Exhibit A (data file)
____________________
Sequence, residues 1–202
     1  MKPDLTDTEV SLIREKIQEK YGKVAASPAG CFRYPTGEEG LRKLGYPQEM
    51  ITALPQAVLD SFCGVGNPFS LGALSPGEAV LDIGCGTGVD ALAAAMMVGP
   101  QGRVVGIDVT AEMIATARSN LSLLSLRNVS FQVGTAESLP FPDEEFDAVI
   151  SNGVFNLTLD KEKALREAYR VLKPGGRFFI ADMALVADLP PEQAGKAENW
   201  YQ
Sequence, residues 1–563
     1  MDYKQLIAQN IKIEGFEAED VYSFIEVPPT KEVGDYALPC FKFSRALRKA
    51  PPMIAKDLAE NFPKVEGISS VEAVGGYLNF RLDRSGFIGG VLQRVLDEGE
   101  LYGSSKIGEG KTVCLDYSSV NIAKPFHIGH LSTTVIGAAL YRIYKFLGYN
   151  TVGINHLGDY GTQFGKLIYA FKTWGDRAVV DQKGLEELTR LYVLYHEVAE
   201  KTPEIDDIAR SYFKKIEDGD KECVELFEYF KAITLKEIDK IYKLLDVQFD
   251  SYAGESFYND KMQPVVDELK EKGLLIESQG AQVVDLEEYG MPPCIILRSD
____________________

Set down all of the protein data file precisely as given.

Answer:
Sequence, residues 1–202
     1  MKPDLTDTEV SLIREKIQEK YGKVAASPAG CFRYPTGEEG LRKLGYPQEM
    51  ITALPQAVLD SFCGVGNPFS LGALSPGEAV LDIGCGTGVD ALAAAMMVGP
   101  QGRVVGIDVT AEMIATARSN LSLLSLRNVS FQVGTAESLP FPDEEFDAVI
   151  SNGVFNLTLD KEKALREAYR VLKPGGRFFI ADMALVADLP PEQAGKAENW
   201  YQ
Sequence, residues 1–563
     1  MDYKQLIAQN IKIEGFEAED VYSFIEVPPT KEVGDYALPC FKFSRALRKA
    51  PPMIAKDLAE NFPKVEGISS VEAVGGYLNF RLDRSGFIGG VLQRVLDEGE
   101  LYGSSKIGEG KTVCLDYSSV NIAKPFHIGH LSTTVIGAAL YRIYKFLGYN
   151  TVGINHLGDY GTQFGKLIYA FKTWGDRAVV DQKGLEELTR LYVLYHEVAE
   201  KTPEIDDIAR SYFKKIEDGD KECVELFEYF KAITLKEIDK IYKLLDVQFD
   251  SYAGESFYND KMQPVVDELK EKGLLIESQG AQVVDLEEYG MPPCIILRSD